Smashed windshield a sign of Washington’s troubled roadways

The piece of roadway that smashed through this windshield – shown in a screen grab from a video – is bringing to light many of the state’s infrastructure woes.

When a chunk of I-5 flew up and smashed through the windshield of a car carrying a family of four, the dangers of Washington’s crumbling roadways became all too real.

“The rock hit me so hard in the chest, it literally took my breath away,” Henry Jessop, who was in the passenger seat, told KOMO. His son Ian and his daughter were in the back seat, and his wife was behind the wheel.

Jessop had to have stitches on his chin and inside his mouth. His chin and chest were also severely bruised by the piece of pavement.

And it was a freak incident, said Chris Johnson of the Washington Department of Transportation, since he couldn’t remember another time when a chunk of pavement flew up into a windshield in his 35 years with the state.

However, it could become more common as the list of repairs needed on the state’s highways and interstates is far outstripping the state’s ability to fix the problems.

“As our transportation system has more wear and tear on it, and as we go longer without revenue dollars to just take care of the system that we have, we’re unfortunately going to see more of this kind of thing,” Secretary of Transportation Paula Hammond told KOMO.

“Anybody who has lived here long enough knows I-5 is now over 60 years old and the concrete is aging,” said Bill Vlcek, Deputy Regional Administrator with Wash DOT. “I-5 has a lifespan and we are reaching the end of it.”

Our hazardous roads 

Initially there was some confusion about where the piece of debris came from. The initial report to the Washington State Patrol was that someone had thrown a rock from an overpass, said Trooper Julie Judson, a spokesperson with WSP.

But when troopers got to the scene, located the rock and performed an investigation, they determined that the piece of rock was part of the roadway that had been kicked up by the wheels of another vehicle and launched into the air to punch through the windshield.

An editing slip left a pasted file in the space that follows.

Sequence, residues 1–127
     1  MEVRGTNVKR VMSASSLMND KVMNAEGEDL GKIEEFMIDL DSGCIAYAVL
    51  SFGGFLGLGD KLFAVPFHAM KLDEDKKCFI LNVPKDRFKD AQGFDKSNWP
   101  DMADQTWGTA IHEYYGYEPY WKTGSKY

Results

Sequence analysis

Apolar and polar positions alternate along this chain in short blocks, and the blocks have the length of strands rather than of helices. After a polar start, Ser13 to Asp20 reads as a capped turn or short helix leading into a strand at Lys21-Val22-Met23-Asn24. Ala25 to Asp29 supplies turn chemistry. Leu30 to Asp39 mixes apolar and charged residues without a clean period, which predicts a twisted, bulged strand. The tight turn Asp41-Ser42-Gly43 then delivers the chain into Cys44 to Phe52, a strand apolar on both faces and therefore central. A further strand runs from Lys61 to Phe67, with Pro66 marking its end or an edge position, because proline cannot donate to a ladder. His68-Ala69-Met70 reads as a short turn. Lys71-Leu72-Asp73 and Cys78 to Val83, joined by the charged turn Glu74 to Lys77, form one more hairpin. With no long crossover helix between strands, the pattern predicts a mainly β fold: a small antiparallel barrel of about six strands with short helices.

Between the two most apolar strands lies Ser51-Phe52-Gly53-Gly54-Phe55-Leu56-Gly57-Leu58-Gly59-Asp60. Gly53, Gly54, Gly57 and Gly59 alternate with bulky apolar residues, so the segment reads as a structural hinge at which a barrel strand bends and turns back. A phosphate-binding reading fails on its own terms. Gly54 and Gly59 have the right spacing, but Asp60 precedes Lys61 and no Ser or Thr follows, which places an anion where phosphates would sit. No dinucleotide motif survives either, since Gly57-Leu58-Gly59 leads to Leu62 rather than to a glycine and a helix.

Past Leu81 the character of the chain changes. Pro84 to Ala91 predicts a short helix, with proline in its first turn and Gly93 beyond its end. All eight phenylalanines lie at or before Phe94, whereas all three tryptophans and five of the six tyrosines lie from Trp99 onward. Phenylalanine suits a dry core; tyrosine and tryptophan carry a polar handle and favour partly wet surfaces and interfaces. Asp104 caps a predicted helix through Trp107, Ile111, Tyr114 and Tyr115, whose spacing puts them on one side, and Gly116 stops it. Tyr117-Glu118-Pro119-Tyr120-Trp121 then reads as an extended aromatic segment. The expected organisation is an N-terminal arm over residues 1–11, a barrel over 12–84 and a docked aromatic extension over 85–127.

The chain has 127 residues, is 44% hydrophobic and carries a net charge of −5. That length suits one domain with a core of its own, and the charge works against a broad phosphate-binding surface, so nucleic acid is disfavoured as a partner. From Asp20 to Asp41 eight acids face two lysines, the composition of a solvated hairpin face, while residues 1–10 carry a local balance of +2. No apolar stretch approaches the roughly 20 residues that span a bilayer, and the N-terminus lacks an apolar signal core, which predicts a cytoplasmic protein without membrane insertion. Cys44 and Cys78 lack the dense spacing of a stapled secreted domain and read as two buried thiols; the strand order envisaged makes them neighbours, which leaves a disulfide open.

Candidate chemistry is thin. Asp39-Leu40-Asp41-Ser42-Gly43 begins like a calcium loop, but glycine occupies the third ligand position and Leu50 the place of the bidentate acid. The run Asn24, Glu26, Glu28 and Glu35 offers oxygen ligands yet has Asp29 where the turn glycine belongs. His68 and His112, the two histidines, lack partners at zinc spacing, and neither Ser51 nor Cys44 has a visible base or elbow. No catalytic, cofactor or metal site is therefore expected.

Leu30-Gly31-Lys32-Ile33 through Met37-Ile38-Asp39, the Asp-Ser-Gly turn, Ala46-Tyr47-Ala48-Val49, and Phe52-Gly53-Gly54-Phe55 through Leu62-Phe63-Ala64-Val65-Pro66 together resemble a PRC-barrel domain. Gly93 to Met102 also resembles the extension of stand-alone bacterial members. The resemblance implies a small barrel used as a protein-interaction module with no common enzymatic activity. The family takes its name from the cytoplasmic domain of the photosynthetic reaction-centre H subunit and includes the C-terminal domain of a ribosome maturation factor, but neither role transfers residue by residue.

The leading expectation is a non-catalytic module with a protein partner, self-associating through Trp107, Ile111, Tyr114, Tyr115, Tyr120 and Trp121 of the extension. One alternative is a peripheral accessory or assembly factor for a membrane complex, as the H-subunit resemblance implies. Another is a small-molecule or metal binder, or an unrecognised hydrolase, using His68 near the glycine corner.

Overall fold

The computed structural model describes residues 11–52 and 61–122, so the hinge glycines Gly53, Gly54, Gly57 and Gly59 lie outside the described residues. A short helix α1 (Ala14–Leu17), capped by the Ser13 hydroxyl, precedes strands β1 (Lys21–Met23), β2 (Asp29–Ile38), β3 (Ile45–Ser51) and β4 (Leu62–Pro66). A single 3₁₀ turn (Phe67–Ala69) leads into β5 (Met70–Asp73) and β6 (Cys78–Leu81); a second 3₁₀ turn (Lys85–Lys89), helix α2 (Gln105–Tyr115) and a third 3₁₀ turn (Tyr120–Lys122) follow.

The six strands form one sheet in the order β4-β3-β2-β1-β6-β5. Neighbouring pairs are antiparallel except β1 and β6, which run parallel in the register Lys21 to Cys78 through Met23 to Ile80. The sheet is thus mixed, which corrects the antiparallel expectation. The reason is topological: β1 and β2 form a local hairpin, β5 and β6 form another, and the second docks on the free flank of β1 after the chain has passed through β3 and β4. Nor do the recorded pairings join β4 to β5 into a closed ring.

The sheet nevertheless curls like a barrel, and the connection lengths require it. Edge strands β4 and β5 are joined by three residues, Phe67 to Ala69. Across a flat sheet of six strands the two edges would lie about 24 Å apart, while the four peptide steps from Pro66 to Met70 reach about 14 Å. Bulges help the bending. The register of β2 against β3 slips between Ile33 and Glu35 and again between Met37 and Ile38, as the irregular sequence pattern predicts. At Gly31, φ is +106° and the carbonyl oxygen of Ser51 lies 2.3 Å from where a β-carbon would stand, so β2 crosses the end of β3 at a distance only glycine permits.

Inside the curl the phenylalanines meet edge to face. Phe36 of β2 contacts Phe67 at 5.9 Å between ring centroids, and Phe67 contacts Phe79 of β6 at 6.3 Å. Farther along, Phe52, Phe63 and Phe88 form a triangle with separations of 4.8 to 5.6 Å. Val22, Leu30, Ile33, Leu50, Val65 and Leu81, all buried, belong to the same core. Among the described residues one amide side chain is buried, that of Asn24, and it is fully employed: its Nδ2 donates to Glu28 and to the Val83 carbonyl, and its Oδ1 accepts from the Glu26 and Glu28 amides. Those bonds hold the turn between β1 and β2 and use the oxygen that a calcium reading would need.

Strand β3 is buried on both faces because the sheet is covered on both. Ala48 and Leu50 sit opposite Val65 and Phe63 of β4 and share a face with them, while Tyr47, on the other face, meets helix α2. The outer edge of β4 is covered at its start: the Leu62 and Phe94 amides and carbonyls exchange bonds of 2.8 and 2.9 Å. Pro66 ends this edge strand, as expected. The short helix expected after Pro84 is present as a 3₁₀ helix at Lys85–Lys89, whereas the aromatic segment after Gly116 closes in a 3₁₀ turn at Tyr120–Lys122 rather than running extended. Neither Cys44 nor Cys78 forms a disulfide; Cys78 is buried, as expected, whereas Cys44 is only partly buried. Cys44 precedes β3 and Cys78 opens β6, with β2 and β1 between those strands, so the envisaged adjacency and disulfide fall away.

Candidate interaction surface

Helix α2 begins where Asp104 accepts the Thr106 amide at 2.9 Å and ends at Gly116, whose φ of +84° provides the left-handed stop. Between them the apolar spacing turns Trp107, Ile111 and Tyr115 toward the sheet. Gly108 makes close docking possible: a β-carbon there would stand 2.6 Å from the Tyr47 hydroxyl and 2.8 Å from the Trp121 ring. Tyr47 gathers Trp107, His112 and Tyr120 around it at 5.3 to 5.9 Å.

Pieces of the roadway and parts that fall off of vehicles are a constant problem, she said.

“Many times, we’ve received calls that people believe that their car had been shot at, for instance,” Judson said. “Road debris is a huge problem, (including) things falling off of vehicles.”

Put a motorcycle in that situation and the dangers are even more pronounced, of course.

“Unfortunately, motorcyclists have a lot of hazards to deal with. Something that can be just a simple bump in the road for us is something that can take them off their vehicles if it’s substantial enough. So any kind of flying debris is a huge concern,” she added.

The state does plan to spend $170 million to repair I-5 between now and 2024, state officials said. However, Wash DOT won’t receive the bulk of money until 2016.

Originally posted to KPLU News 1:29 PM Tue July 24, 2012

BY: JAKE ELLISON, LINDSAY LOWE AND EVAN HOOVER

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One comment

  1. Wow! I’ve lived in Tacoma my entire life and in the past few years the road situation has gotten pretty bad. Some roads have been eroded to the point that the lines on the street no longer matter. It’s become a game of “dodge the pothole”, and if that means your car ends up in two lanes, oh well. People have really got to start getting to the city counsel meetings and talk about how we’re going to fix this issue, before this gets any worse.

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